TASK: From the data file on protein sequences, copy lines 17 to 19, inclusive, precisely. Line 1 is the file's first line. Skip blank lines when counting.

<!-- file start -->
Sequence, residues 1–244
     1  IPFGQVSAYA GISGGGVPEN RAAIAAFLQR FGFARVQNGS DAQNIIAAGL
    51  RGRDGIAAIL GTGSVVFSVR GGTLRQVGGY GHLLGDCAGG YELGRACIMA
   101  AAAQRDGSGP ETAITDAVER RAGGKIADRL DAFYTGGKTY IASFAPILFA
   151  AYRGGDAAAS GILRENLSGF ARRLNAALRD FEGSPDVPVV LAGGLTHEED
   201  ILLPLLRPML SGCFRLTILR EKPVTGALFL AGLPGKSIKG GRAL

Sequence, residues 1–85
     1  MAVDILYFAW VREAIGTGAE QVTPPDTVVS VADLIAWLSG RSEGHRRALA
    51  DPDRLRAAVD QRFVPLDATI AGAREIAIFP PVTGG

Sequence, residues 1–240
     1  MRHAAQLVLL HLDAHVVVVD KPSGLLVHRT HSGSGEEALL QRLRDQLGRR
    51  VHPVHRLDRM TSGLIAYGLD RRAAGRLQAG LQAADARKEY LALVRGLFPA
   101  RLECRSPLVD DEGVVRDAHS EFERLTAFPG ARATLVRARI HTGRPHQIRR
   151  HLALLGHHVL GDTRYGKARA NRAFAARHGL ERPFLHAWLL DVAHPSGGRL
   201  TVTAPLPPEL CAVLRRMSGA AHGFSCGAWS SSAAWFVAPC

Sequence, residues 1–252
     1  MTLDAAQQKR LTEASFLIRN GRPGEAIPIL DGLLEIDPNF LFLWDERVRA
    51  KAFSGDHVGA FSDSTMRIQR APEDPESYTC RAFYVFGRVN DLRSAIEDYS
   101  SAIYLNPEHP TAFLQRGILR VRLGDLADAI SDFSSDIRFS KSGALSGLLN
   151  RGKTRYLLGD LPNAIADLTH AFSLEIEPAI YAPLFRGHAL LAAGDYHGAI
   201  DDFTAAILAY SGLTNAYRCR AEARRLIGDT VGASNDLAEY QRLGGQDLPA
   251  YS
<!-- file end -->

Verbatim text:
     1  MTLDAAQQKR LTEASFLIRN GRPGEAIPIL DGLLEIDPNF LFLWDERVRA
    51  KAFSGDHVGA FSDSTMRIQR APEDPESYTC RAFYVFGRVN DLRSAIEDYS
   101  SAIYLNPEHP TAFLQRGILR VRLGDLADAI SDFSSDIRFS KSGALSGLLN